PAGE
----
259. S.R. Krishnamoorthi, Making Local School Councils Work: The Implementation of Local School Councils in Chicago Public Elementary Schools, 6/99; subsequently published in Journal of Law & Education, Vol. 29, No. 3, July 2000, 285-314.
Abstract: Chicago's public schools have undergone massive reform in the past decade. The most radical of these reforms has involved decentralizing operational decision-making for the schools from the central Board of Education to parent-dominated Local School Councils (LSCs).
The dual purposes of this paper are to determine what aspects of LSC governance, if any, matter for student achievement and what, if anything, the legislature can do to help LSCs perform better in these areas. The paper begins with a brief examination of the history behind Chicago school reform and a description of these reforms. This is followed by a description of the rationale behind this reform. Next, the paper presents the procedure used to perform the empirical analysis of this paper, and after that the results of this analysis. The paper turns finally to an interpretation of the results and what they mean for legislators.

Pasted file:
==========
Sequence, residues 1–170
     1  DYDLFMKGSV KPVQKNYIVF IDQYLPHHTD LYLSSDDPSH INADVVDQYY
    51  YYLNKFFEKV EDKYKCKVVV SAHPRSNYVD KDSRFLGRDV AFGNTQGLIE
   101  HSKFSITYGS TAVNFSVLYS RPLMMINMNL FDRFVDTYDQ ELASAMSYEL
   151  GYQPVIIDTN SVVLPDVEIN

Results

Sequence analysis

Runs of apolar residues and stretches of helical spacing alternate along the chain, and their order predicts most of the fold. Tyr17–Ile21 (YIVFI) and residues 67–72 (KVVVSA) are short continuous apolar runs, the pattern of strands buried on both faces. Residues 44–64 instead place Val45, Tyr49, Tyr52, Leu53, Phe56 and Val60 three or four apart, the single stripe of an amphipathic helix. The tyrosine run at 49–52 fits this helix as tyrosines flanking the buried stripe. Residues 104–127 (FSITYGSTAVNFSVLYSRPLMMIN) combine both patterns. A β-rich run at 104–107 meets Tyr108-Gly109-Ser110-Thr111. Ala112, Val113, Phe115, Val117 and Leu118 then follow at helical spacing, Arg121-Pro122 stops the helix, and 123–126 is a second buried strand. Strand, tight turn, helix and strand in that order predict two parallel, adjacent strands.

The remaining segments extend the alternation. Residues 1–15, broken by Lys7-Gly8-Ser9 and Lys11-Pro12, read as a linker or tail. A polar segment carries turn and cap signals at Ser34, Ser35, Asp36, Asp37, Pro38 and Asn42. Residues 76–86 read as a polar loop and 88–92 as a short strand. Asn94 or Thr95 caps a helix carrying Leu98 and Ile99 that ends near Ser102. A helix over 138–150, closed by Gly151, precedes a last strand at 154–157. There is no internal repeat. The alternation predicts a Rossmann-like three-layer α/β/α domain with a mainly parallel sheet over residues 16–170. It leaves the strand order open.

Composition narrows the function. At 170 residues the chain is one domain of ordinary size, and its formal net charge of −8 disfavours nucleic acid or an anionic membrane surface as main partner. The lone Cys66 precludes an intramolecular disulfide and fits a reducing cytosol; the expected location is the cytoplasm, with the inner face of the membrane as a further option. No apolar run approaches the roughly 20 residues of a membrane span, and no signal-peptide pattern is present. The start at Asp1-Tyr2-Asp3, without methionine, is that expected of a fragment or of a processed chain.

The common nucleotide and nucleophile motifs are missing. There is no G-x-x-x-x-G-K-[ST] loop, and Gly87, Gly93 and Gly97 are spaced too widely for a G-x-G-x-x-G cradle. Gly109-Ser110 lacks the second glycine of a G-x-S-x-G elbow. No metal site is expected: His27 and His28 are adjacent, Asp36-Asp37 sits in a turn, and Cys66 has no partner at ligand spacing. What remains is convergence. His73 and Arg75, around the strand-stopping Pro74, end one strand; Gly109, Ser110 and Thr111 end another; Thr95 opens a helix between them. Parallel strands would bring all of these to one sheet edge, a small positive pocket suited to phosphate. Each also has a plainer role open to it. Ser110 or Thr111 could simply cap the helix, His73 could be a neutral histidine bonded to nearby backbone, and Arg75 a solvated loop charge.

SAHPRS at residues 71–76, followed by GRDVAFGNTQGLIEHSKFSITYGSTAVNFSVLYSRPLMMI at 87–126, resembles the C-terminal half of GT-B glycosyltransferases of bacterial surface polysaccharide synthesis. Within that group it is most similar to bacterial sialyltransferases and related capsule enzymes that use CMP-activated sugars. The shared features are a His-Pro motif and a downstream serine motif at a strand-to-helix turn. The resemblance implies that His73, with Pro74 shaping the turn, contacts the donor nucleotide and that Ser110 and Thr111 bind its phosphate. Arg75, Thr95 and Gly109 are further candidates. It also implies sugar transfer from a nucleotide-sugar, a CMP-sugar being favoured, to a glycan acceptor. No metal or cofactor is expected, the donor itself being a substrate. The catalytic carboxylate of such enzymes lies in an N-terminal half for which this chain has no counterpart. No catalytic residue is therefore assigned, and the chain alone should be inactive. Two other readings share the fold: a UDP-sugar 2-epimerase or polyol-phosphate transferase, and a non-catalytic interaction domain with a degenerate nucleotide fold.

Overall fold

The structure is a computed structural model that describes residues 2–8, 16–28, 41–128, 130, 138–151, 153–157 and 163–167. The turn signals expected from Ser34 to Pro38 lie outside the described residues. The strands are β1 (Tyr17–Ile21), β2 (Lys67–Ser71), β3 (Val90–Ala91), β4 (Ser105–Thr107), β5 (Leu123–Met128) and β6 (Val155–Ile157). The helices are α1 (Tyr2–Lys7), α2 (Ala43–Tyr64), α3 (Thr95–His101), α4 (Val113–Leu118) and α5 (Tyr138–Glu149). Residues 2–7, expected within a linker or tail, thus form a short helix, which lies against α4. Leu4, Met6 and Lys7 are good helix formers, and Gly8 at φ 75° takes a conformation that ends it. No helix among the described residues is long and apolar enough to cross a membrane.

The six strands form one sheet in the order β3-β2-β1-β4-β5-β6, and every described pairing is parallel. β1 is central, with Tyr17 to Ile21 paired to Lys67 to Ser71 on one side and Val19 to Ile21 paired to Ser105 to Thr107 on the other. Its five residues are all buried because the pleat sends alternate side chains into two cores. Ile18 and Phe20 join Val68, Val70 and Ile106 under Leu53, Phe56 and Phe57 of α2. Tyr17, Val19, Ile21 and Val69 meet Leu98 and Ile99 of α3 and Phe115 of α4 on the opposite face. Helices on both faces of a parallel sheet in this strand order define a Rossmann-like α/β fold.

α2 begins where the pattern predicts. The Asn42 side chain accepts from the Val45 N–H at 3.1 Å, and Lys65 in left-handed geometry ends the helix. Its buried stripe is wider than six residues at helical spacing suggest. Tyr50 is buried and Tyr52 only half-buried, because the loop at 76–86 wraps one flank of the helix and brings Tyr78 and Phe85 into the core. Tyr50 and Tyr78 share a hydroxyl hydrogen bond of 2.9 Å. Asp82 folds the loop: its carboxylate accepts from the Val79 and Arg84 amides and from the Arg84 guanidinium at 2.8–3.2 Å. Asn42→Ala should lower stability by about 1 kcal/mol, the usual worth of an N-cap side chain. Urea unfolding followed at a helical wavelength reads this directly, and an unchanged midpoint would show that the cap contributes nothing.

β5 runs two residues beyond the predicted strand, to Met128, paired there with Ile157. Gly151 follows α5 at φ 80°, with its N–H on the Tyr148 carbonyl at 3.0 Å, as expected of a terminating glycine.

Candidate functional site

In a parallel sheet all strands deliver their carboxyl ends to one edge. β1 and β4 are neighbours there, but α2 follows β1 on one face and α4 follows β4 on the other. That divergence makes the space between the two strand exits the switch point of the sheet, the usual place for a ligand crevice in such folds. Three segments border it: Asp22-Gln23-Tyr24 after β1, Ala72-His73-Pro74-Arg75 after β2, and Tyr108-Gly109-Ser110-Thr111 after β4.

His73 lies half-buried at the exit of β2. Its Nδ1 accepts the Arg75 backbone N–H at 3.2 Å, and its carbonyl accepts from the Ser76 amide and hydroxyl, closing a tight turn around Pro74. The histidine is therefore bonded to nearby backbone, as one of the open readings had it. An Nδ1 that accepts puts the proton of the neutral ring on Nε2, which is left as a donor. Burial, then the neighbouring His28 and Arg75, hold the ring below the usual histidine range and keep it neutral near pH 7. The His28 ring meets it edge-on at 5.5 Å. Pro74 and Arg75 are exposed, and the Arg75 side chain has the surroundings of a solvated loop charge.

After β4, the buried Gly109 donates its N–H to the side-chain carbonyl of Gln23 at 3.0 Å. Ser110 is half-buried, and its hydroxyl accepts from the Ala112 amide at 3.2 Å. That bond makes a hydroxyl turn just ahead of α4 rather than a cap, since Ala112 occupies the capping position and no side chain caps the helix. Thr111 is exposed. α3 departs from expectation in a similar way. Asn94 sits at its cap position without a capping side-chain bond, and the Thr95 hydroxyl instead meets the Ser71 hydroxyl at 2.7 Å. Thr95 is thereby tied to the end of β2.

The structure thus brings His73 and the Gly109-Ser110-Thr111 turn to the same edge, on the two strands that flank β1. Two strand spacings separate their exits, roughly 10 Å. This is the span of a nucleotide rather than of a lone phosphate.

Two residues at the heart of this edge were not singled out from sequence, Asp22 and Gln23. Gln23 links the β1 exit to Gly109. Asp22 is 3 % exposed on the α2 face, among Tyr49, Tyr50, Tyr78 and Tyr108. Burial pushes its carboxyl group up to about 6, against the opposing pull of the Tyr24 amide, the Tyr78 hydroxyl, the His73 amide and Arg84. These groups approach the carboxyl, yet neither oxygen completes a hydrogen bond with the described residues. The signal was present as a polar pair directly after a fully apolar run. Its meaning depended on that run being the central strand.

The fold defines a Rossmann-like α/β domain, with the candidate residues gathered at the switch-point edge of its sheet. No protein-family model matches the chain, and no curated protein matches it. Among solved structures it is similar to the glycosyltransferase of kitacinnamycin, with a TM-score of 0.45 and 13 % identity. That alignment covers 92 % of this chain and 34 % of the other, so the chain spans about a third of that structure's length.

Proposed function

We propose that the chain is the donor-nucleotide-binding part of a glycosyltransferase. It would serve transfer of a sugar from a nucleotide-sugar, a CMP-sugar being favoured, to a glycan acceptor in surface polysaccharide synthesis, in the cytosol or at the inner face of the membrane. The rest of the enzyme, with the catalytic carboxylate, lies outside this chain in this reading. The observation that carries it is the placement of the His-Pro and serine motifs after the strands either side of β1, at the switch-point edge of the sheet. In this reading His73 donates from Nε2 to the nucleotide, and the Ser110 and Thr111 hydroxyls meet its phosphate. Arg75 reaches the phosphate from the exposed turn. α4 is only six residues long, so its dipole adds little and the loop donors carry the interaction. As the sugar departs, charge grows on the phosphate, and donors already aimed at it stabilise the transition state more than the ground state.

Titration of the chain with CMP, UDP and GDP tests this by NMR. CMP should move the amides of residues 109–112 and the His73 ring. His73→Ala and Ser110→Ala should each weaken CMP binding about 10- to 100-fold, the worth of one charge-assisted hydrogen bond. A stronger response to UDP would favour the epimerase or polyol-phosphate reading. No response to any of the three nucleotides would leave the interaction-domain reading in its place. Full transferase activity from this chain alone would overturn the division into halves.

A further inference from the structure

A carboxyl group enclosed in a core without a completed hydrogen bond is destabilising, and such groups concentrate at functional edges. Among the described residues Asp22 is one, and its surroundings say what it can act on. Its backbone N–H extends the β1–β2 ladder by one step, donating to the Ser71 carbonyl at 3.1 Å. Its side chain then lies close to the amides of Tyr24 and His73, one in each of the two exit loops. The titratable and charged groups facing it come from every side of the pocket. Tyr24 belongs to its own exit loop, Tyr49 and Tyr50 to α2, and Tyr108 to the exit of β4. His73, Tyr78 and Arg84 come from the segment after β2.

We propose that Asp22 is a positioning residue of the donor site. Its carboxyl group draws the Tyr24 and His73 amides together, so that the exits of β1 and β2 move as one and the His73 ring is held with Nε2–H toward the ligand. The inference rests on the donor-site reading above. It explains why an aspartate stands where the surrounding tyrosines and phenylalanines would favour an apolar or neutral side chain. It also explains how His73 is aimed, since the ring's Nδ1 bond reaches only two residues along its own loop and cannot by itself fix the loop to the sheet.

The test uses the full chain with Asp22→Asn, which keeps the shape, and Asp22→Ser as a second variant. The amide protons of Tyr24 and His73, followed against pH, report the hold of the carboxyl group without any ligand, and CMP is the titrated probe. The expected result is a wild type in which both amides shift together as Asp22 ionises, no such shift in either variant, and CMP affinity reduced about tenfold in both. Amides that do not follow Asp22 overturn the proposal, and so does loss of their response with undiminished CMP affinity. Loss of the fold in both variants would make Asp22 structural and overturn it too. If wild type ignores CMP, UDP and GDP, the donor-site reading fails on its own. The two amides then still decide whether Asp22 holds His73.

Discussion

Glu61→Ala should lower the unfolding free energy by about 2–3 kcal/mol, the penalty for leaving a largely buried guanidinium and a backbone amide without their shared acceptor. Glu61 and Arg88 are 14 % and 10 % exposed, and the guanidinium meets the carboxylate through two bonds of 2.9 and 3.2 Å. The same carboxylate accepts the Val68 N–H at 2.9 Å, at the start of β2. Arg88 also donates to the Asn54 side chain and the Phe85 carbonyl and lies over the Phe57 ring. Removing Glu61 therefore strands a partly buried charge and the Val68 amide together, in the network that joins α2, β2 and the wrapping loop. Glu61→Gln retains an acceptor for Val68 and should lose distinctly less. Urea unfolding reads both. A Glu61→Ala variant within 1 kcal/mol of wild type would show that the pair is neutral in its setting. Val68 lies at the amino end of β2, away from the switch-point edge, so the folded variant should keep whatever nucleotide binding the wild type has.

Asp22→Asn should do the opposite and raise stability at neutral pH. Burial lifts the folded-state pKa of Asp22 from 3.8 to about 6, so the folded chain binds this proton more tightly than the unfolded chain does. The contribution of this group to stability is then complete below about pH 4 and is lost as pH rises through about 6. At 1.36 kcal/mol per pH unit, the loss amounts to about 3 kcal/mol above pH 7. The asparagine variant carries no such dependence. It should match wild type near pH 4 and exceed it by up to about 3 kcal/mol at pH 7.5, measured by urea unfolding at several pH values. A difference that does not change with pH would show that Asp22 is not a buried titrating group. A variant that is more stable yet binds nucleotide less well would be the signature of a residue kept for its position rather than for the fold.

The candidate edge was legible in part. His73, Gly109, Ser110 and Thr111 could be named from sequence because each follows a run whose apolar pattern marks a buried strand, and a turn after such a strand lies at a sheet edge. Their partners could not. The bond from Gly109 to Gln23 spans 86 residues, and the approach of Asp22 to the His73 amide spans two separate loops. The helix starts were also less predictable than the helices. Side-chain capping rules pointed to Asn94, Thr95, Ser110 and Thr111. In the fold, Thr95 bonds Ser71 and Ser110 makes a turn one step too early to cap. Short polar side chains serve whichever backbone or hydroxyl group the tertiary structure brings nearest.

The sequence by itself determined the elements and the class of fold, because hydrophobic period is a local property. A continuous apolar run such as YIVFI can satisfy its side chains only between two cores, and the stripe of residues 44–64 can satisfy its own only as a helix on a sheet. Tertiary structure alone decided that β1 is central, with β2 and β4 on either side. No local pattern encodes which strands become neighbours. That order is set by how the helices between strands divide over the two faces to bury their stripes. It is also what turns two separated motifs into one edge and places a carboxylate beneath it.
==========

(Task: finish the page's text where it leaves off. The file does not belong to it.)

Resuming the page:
The results show that training LSCs might be important for their proper functioning and might, in turn, lead to higher student achievement. The Illinois state legislature has taken important steps toward mandating some training and encouraging more; however, further action in this direction might be necessary. In any case, more research must be done to answer lingering questions about the training of LSCs. Currently, the link between the training of LSCs and student achievement remains under-researched.